As I wrap up my doctoral studies, I am excited to see how the concept of becoming “trauma-informed” in ministry is starting to pick up steam across the country. A large part of the credit for furthering that conversation goes to you--my friends and colleagues here on ACEsConnection! It's been humbling to see how our relatively small ministry in Montana has something to add to the conversation.
In fact, far from being behind the curve here in Montana, we are on the cutting edge in terms of integrating the expertise of the medical and social service fields into how we do ministry in Montana. What's wonderful to contemplate is how many people can be helped by our collective expertise. At Intermountain, and through our sister organization ChildWise, we are part of a conversation that has the power to positively impact the lives of tens of thousands of hurting children, youth, and families.
Embedded in the post on my ministry site is 50 minutes of a training I was able to give at the 2017 New Wineskins Conference on Trauma and Resilience (March 18, 2017). They were not equipped to film every breakout, but they did record audio. So, what you will find is the PowerPoint presentation with the audio from the training. It takes a little time to get through, but would be a valuable resource to any church or faith community seeking to understand the impact of trauma and Adverse Childhood Experiences (ACEs) in their community and how the Church can respond.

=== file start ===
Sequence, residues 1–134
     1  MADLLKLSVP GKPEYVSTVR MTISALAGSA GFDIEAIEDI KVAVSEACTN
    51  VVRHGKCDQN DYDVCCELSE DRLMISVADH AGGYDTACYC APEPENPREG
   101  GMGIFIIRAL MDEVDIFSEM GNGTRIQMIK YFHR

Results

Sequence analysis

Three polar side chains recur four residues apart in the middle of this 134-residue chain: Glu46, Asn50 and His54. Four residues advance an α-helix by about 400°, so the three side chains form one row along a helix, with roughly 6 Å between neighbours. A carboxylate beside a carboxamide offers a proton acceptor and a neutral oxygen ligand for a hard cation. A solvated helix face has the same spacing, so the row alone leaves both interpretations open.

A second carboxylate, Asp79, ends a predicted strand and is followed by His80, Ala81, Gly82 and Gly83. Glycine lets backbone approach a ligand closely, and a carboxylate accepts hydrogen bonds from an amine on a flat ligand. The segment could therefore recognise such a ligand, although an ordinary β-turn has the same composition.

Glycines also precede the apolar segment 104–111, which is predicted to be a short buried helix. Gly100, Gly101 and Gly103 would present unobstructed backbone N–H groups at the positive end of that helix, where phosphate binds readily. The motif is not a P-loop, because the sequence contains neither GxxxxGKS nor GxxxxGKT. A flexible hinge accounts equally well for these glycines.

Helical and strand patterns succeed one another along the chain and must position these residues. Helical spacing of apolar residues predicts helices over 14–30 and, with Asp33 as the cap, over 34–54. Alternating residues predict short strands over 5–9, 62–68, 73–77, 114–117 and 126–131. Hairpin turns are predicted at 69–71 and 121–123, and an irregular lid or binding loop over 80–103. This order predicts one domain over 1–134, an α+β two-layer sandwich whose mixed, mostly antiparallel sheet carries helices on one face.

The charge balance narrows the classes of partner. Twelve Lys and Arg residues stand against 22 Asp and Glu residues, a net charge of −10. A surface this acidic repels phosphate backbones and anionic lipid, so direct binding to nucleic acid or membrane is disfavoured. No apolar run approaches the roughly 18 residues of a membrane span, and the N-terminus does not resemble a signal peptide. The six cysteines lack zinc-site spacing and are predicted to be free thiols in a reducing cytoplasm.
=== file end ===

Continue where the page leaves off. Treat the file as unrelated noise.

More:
CLICK on IMAGE BELOW to go to the post with the video:
Other great resources are available for introducing these concepts to your community and church can be found on my ministry site, including:
- What does it mean for a ministry to be trauma-informed (a helpful 2-page article with discussion questions for examining ministry settings)
- List of Resources for Churches interested in learning more about ACEs
Finally, a curriculum for introducing trauma-informed ministry principles to churches seeking to address the needs of traumatized youth in their communities is being vetted by over 50 ministries and mental health practitioners in 24 states across the country. Entitled Bruised Reeds and Smoldering Wicks, the curriculum includes a copy of Paper Tigers and a resource DVD with interviews and discussion starters from several of Intermountain’s staff. I am hoping the curriculum will be available for wider distribution later in the year (it is currently on back-order as we collect feedback and amend the curriculum, though you can still reserve a copy!).
Chaplain Chris Haughee